Angola: Emergency Preparedness & Response
Humanitarian assistance and rehabilitation programmes are usually implemented on a temporary basis to save people’s lives, reduce suffering and help the victims of catastrophes get back on their feet. These programmes respond to a current crisis and are only provided until the affected country or region is reasonably capable of working independently. Humanitarian interventions are most frequently organized in the event of earthquakes, floods, famines caused by drought or war, and so on.
In recent years, more and more disasters have been caused or largely influenced by extreme weather fluctuations. During recent years, People in Need repeatedly provided assistance to victims of drought in Ethiopia, flooding in Cambodia and Sri Lanka and extreme winters in Mongolia.
A successful rescue of people suffering from an acute crisis is crucially dependent on speed, good on-site assessment of the situation and the availability of sufficient funds in the very first phase of assistance. People in Need has recently been able to respond successfully and quickly in particular thanks to the Immediate Reaction Humanitarian Aid Fund set up from the contributions donated by the Club of Friends.
Typical humanitarian assistance and rehabilitation activities include:
- provision of shelter (temporary shelters, distribution of tents and tarpaulins),
- food distribution,
- provision of water and sanitation,
- distribution of medicines, blankets and other items,
- giving medical treatment,
- establishing refugee camps,
- offering temporary education and psychosocial assistance to disaster victims.
The next phase lays an emphasis on regional economic reconstruction (community work programmes, restoration of sources of livelihood), and then on the restoration of basic infrastructure, (e.g. repairing destroyed schools, health centres, houses, irrigation channels, etc.). At the same time, we consider it essential to work in the long term with the most vulnerable communities and build their resilience and ability to endure such disasters with the least possible loss of life and damage to health and property.
During all phases of assistance, maximum involvement of local people is of the essence to ensure that the disaster victims are not just passive recipients of aid, but rather those who, first and foremost, help themselves. Beneficiaries of aid may acquire material assistance for themselves in the local markets (using vouchers or funds they receive), while in other situations purchasing is performed centrally but in the region in question, ensuring that relief funds remain in that region, and distributed by our on-site teams. Humanitarian assistance is provided solely on the basis of need, without any bias towards the members of a particular ethnic group, religion or one of the parties to a conflict.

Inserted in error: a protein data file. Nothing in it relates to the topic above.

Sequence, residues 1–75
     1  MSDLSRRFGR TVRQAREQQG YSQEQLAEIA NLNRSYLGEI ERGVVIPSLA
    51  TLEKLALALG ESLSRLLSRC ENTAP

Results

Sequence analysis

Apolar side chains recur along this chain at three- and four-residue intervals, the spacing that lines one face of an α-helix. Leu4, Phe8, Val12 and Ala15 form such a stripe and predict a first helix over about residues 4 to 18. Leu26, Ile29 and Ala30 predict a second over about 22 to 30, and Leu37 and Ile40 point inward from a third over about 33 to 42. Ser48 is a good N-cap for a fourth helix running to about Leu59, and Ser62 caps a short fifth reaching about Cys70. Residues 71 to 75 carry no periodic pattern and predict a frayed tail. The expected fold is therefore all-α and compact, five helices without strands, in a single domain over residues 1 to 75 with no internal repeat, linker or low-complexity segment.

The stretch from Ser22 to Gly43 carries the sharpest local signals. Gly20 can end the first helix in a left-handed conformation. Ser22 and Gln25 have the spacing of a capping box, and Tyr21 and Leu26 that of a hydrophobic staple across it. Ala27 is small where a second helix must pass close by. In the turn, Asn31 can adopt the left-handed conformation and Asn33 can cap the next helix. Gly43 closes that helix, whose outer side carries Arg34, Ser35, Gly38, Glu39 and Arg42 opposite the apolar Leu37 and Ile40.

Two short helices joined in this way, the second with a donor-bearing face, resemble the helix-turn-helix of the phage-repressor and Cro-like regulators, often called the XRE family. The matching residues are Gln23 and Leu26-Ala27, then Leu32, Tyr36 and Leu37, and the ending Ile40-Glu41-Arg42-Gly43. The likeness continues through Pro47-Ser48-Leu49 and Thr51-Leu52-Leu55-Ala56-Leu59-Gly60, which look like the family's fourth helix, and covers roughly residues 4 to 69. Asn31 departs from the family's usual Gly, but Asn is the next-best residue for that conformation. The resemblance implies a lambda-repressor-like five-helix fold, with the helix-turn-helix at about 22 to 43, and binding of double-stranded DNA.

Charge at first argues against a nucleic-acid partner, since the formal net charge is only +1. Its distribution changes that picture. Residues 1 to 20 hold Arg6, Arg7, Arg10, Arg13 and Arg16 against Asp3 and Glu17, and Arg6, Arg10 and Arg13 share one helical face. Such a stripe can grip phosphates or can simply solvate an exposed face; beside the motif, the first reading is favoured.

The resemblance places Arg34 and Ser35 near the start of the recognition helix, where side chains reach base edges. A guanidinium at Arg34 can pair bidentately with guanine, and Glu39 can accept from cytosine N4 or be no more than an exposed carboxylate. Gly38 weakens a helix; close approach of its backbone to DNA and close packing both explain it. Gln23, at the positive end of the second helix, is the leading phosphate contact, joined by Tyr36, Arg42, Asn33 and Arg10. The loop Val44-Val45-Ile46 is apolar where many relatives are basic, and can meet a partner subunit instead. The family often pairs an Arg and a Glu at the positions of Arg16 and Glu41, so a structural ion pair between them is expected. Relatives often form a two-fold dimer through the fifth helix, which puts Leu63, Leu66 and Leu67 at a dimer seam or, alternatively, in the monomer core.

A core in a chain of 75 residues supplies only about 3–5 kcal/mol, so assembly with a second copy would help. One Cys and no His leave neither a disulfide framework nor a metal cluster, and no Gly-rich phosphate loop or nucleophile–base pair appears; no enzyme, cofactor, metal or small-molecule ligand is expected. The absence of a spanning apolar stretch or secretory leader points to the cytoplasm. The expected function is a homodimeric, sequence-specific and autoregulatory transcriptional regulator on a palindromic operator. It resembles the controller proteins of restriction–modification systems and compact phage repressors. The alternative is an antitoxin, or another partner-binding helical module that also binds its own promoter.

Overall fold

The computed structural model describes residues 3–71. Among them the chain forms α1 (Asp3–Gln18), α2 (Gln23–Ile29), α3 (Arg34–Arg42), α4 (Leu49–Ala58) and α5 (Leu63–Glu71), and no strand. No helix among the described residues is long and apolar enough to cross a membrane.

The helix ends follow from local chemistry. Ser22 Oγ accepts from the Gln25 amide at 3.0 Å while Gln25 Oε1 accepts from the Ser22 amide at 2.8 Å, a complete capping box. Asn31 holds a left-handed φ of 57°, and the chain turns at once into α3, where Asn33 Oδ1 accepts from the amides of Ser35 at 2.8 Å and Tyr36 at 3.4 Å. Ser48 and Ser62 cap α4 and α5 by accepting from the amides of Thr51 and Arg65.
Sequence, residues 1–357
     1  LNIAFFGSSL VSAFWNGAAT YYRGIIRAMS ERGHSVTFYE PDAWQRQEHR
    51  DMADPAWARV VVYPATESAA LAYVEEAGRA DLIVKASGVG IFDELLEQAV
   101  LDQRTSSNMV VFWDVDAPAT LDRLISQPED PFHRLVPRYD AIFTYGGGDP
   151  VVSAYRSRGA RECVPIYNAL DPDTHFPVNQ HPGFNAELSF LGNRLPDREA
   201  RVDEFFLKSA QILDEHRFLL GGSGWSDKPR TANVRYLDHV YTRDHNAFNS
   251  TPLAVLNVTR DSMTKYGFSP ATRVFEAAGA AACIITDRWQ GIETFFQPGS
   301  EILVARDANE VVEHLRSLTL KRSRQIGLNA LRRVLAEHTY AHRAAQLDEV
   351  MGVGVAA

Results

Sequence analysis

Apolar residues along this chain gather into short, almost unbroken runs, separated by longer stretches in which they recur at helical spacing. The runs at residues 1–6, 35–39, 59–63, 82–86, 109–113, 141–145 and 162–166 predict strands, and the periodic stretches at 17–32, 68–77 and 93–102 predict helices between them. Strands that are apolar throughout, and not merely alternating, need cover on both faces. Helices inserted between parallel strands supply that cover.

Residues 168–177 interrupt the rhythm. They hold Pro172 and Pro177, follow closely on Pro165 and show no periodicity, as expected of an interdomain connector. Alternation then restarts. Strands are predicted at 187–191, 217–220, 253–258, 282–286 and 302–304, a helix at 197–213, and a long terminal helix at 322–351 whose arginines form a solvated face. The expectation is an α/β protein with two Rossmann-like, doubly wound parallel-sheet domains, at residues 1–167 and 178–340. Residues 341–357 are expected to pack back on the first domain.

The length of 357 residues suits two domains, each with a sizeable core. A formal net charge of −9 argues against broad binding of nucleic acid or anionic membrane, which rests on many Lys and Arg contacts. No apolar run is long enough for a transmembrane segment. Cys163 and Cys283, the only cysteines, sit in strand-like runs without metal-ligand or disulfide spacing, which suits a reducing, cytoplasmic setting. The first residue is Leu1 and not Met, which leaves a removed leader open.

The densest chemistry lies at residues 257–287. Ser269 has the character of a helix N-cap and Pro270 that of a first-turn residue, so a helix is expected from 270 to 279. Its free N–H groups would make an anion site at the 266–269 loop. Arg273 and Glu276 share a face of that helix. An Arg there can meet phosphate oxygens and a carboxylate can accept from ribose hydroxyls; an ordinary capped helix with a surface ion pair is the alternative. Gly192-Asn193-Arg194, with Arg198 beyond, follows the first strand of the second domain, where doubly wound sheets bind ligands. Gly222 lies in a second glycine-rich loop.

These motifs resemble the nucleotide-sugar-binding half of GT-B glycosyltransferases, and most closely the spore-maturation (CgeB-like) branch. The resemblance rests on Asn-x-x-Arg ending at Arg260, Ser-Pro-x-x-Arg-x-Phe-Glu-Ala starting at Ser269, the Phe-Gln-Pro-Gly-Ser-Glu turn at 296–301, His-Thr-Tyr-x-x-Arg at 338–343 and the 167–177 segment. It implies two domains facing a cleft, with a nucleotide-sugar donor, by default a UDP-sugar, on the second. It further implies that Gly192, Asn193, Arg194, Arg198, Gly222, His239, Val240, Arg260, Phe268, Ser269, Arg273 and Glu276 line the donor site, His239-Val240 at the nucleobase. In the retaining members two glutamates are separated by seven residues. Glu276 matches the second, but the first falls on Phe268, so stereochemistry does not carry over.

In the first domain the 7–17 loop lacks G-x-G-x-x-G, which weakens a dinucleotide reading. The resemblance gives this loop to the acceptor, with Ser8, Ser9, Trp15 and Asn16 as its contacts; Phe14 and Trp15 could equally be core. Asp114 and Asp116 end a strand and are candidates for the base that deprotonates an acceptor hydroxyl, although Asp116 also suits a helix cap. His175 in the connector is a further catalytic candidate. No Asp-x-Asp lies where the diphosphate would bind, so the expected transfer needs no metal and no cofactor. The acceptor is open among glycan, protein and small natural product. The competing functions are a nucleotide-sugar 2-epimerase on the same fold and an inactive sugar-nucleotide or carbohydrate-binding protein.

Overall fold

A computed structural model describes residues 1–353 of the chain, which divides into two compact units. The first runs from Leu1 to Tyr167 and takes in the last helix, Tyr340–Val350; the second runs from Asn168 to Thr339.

Responding to acute sanitation and nutrition needs
In one component of the project, more than 6,200 children under the age of five were screened for malnutrition and referred to health units for treatment. In addition, health volunteers from local communities were trained to conduct the screenings and follow-up visits to the families of children with malnutrition, and to promote positive practices related to infant and young child feeding. Social mobilisers were additionally trained on the promotion of good hygiene practices, including hand washing, water management and purification, proper storage of food and water, etc., in order to multiply key messages in the communities and, in this way, positively influence people’s behaviour. These are important prevention measures, since it’s proven that sharing information about good hygiene and sanitation practices has a positive impact on the reduction of malnutrition cases caused by water-borne diseases and poor hygiene practices, such as diarrhoea and parasitic diseases. Furthermore, training courses based on the National Protocol were offered to health technicians, supporting their capacity to administer proper treatment, follow-up and evaluation, and to ensure that accurate data can be collected.
In line with the Community-Led Total Sanitation (CLTS) approach that has been successfully implemented by PIN for several years in Bié province, PIN staff in cooperation with mobilisers and municipal focal points also supported and monitored the process of construction of latrines by families – as per the standard CLTS line of action, communities themselves are responsible for the construction, using local materials available. In addition to that, approx. 1,500 hygiene kits were distributed to vulnerable families, with items like buckets, water purification tablets, soaps, sanitary pads and underwear. The priority group were women – heads of households, elderly, women with disabilities.
Awareness raising and distribution of hygiene kits have also been utilized in response to the 2020 Coronavirus outbreak.
The follow-up project introduced the Children’s Hygiene and Sanitation Training (CHAST) approach for the existing child-friendly spaces to promote personal hygiene among children. The goal of the intervention is to prevent the emergence and spread of illnesses among refugees threatening their lives and further deterioration of already challenging situation.
Majority of the refugees has been already relocated from two reception centres and Dundo town to a settlement in Lóvua, where they were divided into small newly built villages. People in Need is using its experience with community approach to sanitation (Community Led Total Sanitation - CLTS) and Communitarian Water Management Model (MOGECA) which were successfully implemented as a part of development program in villages in the province of Bié in central Angola. Over 7,000 refugees have been already assisted thanks to this intervention.